Hand Pain and Carpal Tunnel Syndrome in Workers’ Compensation Cases

Millions of Americans are currently suffering from carpal tunnel syndrome (CTS), and many of these people have never even gone to get an official diagnosis and have never mentioned anything to their respective employers.  Instead, they choose to suffer on their own and will even go so far as to try home remedies or get braces and other types of supportive wraps from a local drug store and continue to suffer at work each day.

wrist-pain-3-1411523However, the pain from carpal tunnel syndrome does not go away at night for many patients. In fact, the pain can get worse throughout the day and keep patients up at night, and this will make the next day at work even worse than the previous one.  Before we discuss what you should do if you have carpal tunnel syndrome, the first thing to do is to take a look at the symptoms and causes of CTS.A recent news report from Philly.com takes a look at the causes of numbness and weakness in the hand and what it means to have carpal tunnel syndrome. The carpal tunnel is a tunnel in the hand and wrist that contains a sheath protecting a bundle of nerves that controls the movement of the fingers and tendons in the palm.  When a worker engages in repetitive tasks, this can result in what is known as repetitive stress injury or “RSI,” as it is often called.  One type of RSI is carpal tunnel syndrome.  This occurs when the carpal tunnel is compressed to where it interferes with the nerves.  This results in significant pain and suffering and will make the hand weak and tired.  Eventually, it may be very difficult for the victim to use his or her hand, and the pain may radiate up and down the entire arm and into the neck and head.

While many people think they have to live with this at work each day, this is actually a valid basis for filing a workers’ compensation claim.  However, it essential that you speak with an experienced Boston workers’ compensation attorney as soon as possible, so you file a claim as soon as possible, or, at the very least, put your employer on timely notice of the on-the-job injury.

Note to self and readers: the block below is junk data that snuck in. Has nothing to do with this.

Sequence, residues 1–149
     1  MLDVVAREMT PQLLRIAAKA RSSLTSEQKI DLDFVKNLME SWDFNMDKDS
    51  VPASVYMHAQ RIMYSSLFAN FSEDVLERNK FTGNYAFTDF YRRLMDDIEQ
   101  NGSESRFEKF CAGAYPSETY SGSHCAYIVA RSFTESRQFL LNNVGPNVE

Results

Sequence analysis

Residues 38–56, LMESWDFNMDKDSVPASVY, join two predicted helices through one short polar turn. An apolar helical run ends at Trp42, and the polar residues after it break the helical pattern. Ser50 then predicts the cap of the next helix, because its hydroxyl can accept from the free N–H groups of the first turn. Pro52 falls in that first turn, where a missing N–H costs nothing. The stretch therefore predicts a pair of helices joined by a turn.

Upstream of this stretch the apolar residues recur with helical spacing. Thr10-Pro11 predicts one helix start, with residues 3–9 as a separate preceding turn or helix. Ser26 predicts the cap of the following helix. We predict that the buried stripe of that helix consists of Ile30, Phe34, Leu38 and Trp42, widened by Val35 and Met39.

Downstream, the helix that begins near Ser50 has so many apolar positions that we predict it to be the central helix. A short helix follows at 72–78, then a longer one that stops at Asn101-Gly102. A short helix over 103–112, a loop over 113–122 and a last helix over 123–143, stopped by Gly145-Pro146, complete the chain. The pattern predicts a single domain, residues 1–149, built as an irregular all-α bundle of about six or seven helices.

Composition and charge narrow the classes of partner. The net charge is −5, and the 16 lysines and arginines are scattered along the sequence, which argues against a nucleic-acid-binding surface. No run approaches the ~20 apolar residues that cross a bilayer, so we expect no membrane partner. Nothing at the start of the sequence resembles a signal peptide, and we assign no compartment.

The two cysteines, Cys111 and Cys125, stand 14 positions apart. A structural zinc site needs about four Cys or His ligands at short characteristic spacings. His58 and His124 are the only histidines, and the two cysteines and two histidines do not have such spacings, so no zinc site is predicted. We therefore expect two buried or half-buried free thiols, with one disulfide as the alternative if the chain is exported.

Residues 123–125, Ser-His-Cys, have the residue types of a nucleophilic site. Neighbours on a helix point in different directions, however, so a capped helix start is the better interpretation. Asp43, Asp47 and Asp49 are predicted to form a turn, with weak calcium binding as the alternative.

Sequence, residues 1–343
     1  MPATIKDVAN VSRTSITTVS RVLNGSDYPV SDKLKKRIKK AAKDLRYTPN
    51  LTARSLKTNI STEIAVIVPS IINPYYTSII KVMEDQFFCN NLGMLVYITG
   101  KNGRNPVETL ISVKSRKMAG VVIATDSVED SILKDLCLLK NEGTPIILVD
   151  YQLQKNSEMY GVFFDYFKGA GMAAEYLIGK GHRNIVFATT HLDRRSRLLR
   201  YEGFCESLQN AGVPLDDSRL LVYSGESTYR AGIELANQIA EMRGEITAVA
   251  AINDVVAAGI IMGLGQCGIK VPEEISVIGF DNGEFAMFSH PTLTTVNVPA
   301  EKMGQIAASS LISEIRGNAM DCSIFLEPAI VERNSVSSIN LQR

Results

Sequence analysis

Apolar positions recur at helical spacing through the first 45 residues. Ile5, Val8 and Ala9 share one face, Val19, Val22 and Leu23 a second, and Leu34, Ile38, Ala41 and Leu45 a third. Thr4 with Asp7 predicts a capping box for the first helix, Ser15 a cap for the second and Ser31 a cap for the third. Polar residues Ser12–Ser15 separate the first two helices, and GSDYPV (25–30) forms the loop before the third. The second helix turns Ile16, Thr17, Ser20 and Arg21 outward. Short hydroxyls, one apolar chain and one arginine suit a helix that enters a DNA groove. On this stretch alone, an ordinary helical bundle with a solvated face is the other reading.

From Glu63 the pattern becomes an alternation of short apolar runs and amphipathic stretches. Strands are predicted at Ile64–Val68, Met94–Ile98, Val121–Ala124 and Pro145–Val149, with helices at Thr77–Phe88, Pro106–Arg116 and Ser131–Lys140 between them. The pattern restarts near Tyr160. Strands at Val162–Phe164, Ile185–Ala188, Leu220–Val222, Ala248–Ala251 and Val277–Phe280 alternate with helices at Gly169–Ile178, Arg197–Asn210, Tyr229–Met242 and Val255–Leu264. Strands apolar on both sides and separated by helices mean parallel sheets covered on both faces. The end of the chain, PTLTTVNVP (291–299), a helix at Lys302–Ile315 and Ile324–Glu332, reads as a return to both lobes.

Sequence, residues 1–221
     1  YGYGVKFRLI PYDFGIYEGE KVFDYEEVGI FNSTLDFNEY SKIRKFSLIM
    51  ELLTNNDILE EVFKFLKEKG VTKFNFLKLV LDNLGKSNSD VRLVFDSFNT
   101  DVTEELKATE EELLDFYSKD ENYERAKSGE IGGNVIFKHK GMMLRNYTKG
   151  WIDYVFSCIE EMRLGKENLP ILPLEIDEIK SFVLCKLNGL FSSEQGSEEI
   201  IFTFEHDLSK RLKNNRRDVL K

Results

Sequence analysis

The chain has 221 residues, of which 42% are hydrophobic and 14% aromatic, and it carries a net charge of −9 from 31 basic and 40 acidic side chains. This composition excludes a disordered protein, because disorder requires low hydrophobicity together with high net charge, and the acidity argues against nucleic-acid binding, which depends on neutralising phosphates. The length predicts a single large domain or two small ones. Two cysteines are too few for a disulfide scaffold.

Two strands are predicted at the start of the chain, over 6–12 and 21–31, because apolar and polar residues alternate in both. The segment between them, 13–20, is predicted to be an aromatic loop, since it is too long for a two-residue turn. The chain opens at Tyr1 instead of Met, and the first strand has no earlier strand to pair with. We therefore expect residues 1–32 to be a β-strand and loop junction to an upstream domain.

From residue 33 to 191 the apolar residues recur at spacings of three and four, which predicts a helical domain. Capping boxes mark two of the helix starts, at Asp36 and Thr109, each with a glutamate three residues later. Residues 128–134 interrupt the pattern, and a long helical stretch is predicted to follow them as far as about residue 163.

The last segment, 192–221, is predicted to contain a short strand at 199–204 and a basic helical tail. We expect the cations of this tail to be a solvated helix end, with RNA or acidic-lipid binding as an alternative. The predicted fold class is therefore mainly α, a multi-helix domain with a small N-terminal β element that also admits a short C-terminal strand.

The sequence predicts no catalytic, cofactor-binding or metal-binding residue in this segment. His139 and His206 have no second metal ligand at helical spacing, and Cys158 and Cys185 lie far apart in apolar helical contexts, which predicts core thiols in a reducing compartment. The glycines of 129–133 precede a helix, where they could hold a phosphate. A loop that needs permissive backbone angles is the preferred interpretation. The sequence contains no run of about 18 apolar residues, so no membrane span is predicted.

Another important thing to keep in mind is that, while many think that you get carpal tunnel syndrome from sitting at desk and typing all day, there are a lot of other types of jobs that are more likely to lead to carpal tunnel syndrome.  For example, factory jobs and food processing jobs are two of the more common ways to get carpal tunnel syndrome. While you might not think of it so quickly, a job like shucking claims or oysters requires using a lot of hand strength to perform the same tasks over and again for hours of time day after day.  Activities like this are much more likely to lead to carpal tunnel syndrome and other repetitive stress injuries than a job that requires you to sit at desk and enter data all day.

If you or someone you love has been injured a Boston work accident, call for a free and confidential appointment at (617) 777-7777.

Additional Resources:

What’s causing numbness, weakness in my hand?, September 14, 2016, By Marc Legere, D.C., Philly.com

More Blog Entries:

Parr v. Breeden – Supervisor Co-Workers Not Liable Under Workers’ Comp Exclusive Remedy, July 3, 2016, Boston Work Accident Lawyer Blog

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